If New York indicts Trump, he will seek to dismiss the indictment on the ground that the statute of limitations has expired. That issue will likely be resolved after a lengthy appeal, during which Trump will remain under indictment. New York has the better argument—and the political damage of an indictment will stick to Trump until the issue is resolved.
But the question at the federal level is murkier. As noted, a five-year federal statute of limitations covers the campaign finance violation implicated in Trump’s payment and cover-up of the hush money payments to Stormy Daniels. But . . . per a dubious DOJ internal policy, Trump could not be indicted while he was sitting as the president. (The DOJ policy is wrong from a legal and policy standpoint. See, e.g., Martin London in Time, Trump Has Been Implicated in Crimes. This Law Shouldn’t Save Him.)
Because the DOJ policy effectively put Trump beyond the law’s reach for four years, there is a strong argument that the federal statute of limitations should be tolled for an equal period. The Supreme Court has invoked an “equitable” doctrine to toll a statute of limitations in the taxpayer dispute context. See, e.g., Boechler, P.C. v. Commissioner of Internal Revenue (“A federal deadline is jurisdictional only if Congress clearly states that it is. If a limitations period instead is non-jurisdictional, then the limitations period is presumptively subject to equitable tolling.”)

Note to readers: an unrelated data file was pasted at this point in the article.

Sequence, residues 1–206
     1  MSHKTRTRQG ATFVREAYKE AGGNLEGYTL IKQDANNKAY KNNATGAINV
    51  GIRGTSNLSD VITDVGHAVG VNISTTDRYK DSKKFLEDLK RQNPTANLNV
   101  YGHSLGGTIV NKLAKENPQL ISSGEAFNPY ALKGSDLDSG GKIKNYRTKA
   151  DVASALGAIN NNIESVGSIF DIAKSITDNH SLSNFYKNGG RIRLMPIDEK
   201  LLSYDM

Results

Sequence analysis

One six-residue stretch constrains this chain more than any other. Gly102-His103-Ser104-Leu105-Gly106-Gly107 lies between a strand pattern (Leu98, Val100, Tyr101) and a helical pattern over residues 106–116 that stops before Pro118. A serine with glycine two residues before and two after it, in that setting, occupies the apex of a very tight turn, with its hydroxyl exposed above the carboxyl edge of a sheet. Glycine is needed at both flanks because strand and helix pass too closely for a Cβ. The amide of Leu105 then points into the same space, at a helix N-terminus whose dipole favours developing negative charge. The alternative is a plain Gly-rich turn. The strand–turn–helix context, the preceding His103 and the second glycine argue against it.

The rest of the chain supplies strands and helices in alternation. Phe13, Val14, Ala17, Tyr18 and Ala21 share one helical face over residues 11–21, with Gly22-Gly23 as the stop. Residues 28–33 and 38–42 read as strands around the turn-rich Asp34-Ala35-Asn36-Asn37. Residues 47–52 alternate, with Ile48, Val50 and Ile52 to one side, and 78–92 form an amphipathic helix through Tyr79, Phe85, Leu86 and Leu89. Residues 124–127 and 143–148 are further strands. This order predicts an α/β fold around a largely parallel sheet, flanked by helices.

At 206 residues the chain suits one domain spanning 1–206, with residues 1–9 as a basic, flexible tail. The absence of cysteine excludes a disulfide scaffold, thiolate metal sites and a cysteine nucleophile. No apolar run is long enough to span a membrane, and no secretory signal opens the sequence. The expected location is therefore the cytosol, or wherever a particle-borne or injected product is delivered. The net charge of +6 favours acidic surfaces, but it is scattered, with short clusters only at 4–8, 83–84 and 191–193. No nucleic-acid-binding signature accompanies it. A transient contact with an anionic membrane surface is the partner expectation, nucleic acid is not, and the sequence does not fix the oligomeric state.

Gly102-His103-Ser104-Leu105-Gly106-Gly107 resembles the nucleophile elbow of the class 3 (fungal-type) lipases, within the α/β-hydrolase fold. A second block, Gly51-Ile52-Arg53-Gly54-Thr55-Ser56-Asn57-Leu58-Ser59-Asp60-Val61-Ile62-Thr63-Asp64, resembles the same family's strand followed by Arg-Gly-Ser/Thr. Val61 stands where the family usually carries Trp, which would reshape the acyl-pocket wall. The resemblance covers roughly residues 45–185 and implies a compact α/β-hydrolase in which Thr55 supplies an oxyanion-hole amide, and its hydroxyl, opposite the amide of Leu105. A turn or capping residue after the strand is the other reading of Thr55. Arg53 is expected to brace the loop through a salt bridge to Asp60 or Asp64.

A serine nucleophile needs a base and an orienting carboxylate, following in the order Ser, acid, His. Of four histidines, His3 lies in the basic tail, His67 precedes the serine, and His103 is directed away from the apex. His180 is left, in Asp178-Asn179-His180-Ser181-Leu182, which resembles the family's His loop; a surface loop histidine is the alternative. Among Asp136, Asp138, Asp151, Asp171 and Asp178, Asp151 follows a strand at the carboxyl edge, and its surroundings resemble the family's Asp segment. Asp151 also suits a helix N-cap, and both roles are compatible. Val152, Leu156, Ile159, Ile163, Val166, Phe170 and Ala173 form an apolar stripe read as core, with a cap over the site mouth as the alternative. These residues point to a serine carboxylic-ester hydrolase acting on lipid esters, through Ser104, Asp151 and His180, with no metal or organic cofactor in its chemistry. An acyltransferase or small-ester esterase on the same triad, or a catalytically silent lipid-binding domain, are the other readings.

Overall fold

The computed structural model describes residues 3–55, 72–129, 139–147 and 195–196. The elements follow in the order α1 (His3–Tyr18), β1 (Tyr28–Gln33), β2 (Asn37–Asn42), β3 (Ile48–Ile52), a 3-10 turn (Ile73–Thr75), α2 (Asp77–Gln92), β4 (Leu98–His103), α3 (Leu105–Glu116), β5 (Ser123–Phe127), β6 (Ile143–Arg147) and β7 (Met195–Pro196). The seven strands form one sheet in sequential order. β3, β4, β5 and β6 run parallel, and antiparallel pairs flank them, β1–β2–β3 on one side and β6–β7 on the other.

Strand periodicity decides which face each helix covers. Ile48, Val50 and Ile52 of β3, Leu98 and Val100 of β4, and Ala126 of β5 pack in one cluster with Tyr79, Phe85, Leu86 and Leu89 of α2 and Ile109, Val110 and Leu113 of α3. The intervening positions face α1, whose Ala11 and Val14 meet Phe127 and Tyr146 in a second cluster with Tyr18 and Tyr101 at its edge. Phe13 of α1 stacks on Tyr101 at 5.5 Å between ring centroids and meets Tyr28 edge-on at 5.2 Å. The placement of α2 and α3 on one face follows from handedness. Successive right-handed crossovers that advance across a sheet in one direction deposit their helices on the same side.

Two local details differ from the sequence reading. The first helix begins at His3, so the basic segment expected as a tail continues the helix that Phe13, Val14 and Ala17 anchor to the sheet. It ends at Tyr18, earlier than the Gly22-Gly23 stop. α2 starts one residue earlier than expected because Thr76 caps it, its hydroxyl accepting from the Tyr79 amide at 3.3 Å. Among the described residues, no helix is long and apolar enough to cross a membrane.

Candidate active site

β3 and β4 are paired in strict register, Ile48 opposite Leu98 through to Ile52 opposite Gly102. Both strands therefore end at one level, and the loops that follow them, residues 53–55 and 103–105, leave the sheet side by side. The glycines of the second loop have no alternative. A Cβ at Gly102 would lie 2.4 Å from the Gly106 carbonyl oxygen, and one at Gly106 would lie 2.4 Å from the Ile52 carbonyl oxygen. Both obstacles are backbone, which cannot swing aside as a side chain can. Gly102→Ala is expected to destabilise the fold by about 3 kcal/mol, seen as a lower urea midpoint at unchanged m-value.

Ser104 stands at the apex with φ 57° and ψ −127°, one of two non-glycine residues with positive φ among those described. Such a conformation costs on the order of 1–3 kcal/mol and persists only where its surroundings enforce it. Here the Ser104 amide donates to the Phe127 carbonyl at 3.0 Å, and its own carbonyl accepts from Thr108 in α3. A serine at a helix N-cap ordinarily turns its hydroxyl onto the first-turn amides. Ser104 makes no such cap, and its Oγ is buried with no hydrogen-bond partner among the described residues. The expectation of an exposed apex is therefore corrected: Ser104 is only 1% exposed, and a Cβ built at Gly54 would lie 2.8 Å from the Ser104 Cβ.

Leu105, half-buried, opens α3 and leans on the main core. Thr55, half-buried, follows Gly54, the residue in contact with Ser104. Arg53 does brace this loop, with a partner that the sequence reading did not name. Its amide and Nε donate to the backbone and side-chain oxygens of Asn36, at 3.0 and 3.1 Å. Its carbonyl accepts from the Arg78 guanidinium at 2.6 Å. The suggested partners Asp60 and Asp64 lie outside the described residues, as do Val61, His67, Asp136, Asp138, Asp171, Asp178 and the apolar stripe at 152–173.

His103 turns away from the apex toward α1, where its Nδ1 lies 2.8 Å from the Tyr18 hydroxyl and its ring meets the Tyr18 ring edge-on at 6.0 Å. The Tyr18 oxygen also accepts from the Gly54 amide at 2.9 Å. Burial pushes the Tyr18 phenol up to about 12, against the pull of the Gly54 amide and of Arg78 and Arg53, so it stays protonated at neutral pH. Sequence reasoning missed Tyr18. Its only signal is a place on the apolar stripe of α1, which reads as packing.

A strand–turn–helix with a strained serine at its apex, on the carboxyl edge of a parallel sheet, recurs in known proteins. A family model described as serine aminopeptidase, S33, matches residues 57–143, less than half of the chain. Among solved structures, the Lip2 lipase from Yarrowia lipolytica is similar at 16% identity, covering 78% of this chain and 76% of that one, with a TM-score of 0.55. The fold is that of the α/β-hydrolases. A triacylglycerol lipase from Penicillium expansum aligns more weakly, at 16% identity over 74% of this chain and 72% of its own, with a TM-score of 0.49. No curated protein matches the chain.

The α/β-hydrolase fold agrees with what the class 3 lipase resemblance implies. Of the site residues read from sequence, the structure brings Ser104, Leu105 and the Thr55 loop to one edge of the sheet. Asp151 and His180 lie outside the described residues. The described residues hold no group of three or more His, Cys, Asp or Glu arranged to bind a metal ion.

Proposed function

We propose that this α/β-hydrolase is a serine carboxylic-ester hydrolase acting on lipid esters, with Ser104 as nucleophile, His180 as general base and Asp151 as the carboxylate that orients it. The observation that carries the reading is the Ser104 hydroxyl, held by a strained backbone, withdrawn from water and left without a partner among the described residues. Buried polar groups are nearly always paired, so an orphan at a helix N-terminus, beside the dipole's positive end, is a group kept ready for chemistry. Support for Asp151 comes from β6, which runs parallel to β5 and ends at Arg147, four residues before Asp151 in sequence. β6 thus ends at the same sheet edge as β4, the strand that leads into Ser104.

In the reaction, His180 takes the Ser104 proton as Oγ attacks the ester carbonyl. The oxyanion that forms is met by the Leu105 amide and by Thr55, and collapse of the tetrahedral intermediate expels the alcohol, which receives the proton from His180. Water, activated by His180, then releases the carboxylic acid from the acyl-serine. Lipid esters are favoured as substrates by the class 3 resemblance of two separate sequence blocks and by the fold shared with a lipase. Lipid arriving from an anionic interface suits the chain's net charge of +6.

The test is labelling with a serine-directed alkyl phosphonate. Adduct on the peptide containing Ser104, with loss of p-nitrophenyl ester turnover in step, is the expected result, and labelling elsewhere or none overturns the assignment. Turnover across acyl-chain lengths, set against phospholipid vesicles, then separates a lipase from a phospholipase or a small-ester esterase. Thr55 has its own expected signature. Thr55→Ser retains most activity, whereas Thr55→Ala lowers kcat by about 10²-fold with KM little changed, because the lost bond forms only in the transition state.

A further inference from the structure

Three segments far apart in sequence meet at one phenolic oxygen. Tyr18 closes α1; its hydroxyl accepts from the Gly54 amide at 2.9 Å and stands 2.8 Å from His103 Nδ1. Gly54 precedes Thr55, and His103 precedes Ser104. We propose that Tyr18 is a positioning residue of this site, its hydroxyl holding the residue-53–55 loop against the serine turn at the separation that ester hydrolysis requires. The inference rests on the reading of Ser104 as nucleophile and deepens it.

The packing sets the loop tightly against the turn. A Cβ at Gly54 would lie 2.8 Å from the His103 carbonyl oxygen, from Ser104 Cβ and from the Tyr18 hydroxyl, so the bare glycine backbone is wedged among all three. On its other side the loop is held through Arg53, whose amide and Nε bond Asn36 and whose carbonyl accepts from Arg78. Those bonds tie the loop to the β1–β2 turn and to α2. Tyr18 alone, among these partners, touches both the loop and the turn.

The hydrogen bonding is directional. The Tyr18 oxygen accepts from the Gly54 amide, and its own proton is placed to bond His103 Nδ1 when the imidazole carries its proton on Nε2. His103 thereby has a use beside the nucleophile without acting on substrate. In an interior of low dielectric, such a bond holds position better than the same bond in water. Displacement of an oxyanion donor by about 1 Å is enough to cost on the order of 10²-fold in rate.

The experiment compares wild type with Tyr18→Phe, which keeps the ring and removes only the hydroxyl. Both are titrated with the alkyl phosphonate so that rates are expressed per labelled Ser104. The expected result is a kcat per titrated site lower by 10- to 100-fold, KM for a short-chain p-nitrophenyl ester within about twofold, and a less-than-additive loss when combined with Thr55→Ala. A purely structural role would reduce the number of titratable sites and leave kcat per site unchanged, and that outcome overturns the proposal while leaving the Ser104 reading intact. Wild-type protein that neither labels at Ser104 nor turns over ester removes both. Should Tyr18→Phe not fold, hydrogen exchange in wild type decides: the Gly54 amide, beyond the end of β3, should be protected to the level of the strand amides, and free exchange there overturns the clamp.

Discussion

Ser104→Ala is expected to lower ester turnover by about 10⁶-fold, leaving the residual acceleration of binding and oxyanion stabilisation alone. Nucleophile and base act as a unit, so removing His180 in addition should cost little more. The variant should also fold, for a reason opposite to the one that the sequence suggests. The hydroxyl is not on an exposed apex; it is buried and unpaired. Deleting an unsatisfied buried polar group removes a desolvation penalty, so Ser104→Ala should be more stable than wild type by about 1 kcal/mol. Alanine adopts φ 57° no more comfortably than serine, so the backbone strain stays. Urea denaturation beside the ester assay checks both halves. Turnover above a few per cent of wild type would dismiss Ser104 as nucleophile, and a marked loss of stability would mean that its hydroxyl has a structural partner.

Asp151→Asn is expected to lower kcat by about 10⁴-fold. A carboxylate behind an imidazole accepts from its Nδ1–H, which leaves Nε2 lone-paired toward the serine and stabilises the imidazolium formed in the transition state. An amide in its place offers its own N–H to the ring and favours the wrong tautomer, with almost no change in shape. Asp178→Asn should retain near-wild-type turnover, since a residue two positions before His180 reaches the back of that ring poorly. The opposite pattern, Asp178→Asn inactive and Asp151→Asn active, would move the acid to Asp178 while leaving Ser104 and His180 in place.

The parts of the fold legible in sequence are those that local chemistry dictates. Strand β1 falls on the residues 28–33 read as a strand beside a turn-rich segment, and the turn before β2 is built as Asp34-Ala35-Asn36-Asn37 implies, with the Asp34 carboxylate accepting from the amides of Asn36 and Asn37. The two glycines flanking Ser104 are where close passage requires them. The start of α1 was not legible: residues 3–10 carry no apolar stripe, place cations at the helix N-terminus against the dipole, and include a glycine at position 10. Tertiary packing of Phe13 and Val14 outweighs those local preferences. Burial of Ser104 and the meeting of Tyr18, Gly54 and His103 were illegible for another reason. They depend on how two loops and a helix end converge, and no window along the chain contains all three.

With apologies for the diversion into legal technicalities, here’s my point: The Manhattan grand jury represents a serious threat to Trump—statutes of limitations notwithstanding. So, an indictment of Trump in New York for campaign finance violations (or the state financial crimes analog) will take Trump out of the picture, right? Hardly. Read on!
Nearly 30% of Republican voters will follow Trump into a new third party.
Recent polling highlights Trump’s weakness—and his strength. Although Republican voters prefer Ron DeSantis to Trump in a head-to-head race, nearly 30% of Republican voters will stick with Trump “no matter what”—including his departure from the GOP to a third party. See The Bulwark, Exclusive Bulwark Poll: Most Republicans Want to Move on from Trump.
Despite the headline about Republican voters wanting to move on from Trump, here is a key finding noted in the article:
[A]ccording to our poll, that 28 percent of Republican primary voters already locked in for Trump say they’ll support him even if he ran as an independent in the general election.